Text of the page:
You’ve heard it and have probably said it too – lightning does not strike in the same place twice. Well, the fact is, it does and can hit the same spot twice – at least records show that the Empire State building is struck an average of 23 times every year.

Humanity has always been fascinated by the immense beauty and the raw power of nature; thunderstorm and lightning inclusive; while at the same time acknowledging the inherent danger they pose.

According to weather.gov, over 2000 estimated thunderstorms occur globally at any given instant; producing about 100 cloud-to-ground strikes every second.

It is devastating with several records of deaths both to humans and animals, triggering wildfires, destruction of properties and trees, and even disruption of power supply to tens and hundreds of thousands of homes.

A report by NWS office of meteorology notes that over the past 30 years, thunderstorms rank second behind flash floods as the leading cause of weather-related deaths in America.

So, to help you gain a deeper understanding about this natural phenomenon, we’ll be examining what lightning is, take a dive into the different lightning colors, and wrap it up with some fun facts.

What is Lightning?

It’s a natural phenomenon that occurs suddenly with the discharge of electrical charges for a short duration. It occurs typically during a thunderstorm – though dust storms, forest fires, tornadoes, volcanic eruptions, etc. can also lead to lightning – between a cloud and ground known as the cloud-to-ground bolt, within a cloud known as intra-lightning or between clouds. The speed of a lightning can be split in two: the speed of the leader and the speed of the returning stroke, which are 61 km/s and 27800 km/s, compared to the speed of light, which is 299792 km/s.

 

How does lightning form?

The processes involved in the formation are not entirely known, hence, leaving some rooms for guesswork. However, some well-known physical conditions must be present for it to occur.

The crucial elements that must be present are cold air and warm air.

 

Here’s what happens:

 

Evaporation and condensation

evaporation and condensationWarm air near the surface of the ground is pulled up in an upward draft laden with moisture; as they rise into the atmosphere, they get cooled due to a drop in temperature; thus introducing millions of water and ice molecules into the atmosphere which form clouds.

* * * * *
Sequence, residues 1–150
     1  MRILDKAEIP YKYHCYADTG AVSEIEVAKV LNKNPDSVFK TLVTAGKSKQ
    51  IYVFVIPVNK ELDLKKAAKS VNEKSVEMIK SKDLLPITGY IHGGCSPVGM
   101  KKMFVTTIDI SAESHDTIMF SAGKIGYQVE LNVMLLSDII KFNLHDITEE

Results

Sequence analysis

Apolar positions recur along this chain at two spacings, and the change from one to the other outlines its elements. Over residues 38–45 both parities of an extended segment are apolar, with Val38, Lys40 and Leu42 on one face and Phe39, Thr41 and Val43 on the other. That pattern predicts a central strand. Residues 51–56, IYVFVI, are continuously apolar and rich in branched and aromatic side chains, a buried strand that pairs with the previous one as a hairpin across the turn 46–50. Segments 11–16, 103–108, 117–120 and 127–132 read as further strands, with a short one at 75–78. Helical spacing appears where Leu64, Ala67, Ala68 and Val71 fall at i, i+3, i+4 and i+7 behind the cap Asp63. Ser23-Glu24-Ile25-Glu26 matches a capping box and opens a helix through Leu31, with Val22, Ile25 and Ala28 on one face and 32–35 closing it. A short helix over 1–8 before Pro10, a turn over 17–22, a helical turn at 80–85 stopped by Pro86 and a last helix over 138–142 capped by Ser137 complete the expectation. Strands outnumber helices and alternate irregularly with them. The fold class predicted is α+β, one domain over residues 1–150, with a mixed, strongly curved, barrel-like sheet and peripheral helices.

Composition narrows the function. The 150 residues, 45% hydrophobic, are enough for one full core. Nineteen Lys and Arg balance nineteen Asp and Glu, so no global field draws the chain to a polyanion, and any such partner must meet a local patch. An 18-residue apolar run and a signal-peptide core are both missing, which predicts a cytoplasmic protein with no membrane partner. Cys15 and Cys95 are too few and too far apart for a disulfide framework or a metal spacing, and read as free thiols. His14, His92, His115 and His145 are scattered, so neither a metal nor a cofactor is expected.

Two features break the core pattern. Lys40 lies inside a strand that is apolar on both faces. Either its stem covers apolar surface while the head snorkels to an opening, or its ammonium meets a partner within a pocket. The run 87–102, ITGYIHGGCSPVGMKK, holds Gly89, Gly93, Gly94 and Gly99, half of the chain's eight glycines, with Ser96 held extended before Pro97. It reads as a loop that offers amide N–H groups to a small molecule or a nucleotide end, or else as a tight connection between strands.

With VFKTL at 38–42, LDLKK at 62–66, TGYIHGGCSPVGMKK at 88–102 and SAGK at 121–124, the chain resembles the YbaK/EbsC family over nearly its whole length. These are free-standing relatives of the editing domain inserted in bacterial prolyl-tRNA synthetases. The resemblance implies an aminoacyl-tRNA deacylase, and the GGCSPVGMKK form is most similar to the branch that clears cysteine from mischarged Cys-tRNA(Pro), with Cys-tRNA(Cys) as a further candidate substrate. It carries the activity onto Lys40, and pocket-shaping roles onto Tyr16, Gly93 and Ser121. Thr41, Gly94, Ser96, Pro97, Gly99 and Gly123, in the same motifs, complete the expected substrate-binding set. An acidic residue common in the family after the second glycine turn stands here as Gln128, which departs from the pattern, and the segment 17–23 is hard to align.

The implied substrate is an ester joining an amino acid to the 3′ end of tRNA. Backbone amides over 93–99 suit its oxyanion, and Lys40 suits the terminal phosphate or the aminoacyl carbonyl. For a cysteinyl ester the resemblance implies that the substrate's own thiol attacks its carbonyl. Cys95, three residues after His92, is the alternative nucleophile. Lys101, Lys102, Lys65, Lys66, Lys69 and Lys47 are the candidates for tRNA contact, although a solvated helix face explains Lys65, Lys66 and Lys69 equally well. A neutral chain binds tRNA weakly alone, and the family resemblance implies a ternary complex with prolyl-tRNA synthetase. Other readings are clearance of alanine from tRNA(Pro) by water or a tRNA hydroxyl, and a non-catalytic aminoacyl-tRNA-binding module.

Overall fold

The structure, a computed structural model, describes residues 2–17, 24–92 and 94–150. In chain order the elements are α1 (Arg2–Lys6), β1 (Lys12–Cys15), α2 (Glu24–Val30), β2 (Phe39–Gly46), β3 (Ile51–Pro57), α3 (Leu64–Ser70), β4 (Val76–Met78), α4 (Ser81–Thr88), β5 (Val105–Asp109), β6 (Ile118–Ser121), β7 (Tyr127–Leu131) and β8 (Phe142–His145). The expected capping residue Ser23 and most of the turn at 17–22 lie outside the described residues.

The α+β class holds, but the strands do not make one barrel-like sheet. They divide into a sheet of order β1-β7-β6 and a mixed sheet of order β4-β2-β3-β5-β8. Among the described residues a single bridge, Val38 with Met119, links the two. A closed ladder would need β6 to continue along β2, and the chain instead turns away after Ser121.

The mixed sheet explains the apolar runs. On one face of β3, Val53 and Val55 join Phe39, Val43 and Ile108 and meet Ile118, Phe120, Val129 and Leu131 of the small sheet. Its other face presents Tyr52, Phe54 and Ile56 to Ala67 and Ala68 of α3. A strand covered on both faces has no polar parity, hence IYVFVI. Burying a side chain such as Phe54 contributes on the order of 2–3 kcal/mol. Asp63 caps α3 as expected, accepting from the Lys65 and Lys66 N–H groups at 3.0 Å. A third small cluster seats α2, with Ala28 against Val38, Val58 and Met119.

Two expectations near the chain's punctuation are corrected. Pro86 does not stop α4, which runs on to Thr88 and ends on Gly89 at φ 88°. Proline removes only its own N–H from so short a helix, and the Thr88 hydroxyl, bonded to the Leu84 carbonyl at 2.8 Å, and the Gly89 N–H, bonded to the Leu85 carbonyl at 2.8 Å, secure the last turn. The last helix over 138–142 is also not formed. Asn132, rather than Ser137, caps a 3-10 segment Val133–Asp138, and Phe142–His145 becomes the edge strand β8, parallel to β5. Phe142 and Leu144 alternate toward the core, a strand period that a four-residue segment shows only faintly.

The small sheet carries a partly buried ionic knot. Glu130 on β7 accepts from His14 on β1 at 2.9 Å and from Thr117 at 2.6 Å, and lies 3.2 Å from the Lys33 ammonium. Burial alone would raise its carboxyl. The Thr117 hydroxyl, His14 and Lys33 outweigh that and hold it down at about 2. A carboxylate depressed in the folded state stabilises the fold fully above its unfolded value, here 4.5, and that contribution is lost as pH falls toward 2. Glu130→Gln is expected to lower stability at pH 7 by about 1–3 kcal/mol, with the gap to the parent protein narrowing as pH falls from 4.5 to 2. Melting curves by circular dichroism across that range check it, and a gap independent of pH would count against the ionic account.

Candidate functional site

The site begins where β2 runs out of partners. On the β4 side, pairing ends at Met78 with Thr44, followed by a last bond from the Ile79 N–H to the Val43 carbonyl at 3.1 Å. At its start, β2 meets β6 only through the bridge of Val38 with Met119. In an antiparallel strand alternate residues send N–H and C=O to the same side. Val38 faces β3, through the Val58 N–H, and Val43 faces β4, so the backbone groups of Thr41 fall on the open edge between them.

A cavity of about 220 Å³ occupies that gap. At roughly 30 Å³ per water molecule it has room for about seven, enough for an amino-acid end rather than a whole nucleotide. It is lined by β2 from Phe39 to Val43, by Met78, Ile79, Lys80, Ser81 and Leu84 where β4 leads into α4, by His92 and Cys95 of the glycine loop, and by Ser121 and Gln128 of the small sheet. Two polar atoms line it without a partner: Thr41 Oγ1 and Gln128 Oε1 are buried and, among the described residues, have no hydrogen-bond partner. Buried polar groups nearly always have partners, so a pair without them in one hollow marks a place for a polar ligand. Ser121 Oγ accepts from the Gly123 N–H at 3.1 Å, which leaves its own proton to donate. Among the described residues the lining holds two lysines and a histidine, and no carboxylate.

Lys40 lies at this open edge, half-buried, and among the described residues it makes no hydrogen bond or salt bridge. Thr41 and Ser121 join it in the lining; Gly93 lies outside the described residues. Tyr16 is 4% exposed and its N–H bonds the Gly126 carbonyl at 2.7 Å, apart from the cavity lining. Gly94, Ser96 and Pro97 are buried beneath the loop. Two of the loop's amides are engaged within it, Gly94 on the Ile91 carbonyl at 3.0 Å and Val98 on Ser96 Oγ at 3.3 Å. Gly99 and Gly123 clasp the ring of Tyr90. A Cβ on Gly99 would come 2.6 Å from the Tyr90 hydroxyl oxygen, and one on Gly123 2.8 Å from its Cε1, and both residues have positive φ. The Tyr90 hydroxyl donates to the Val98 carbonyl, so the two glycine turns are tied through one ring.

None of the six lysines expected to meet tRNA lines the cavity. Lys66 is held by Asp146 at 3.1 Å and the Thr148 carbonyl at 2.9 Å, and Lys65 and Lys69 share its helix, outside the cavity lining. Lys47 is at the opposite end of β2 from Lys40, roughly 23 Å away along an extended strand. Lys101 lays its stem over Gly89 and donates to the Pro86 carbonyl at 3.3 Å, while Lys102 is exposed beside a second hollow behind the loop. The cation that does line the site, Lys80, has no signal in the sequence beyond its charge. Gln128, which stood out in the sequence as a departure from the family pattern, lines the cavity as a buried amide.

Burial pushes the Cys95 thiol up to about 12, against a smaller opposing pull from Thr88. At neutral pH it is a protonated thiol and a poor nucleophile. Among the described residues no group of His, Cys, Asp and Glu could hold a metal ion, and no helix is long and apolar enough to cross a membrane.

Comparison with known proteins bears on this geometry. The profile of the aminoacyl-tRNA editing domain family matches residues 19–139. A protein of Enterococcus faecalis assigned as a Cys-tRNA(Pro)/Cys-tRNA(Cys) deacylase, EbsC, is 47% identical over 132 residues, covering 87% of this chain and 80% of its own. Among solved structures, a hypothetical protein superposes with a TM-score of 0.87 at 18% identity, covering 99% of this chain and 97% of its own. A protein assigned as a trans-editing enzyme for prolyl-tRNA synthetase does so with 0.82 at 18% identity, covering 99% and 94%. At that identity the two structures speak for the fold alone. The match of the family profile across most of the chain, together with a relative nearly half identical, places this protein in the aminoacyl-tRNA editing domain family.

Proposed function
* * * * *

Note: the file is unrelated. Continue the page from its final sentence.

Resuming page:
Stripping of ions

positive and negative ionsAs the warm air moves upwards, they collide with the cold air which has ice crystals. These collisions strip the molecules of their electrons; hence forming positive and negative ions.

Think of this process as the rubbing of a balloon on the skin which generates electrostatic current but in this case, at a larger scale.

In the clouds, the positively charged ions move upwards while the negative charges are flushed downwards. The cycle repeats until there’s a massive buildup of electric charge.

 

The release

lightning dischargeOnce the cloud has accumulated enough charges; the negative charges below the clouds attract the positive charges, and energy is released.

Sometimes, the attraction is between the negatively charged cloud and the positive charges on the ground.  A thread of the negative charges jumps to connect with a strand of the positive charge shooting up from the ground; leading to the flash of lightning.

Other times, it is between two clouds resulting in inter-cloud lightning. This attraction may occur several times until all negative charges are discharged from the bottom of the cloud.

 

Shockwave

lightning shockwaveIt’s usually accompanied by thunder. Due to the sudden heating and expansion of air around it and it causes a shock wave we hear as thunder.

Lightning and thunder occur at the same time. But we see the flash of it first because light travels faster than sound. In fact, light is 300 million times faster than sound. So, that is why we see it before hearing the rumbling of thunder.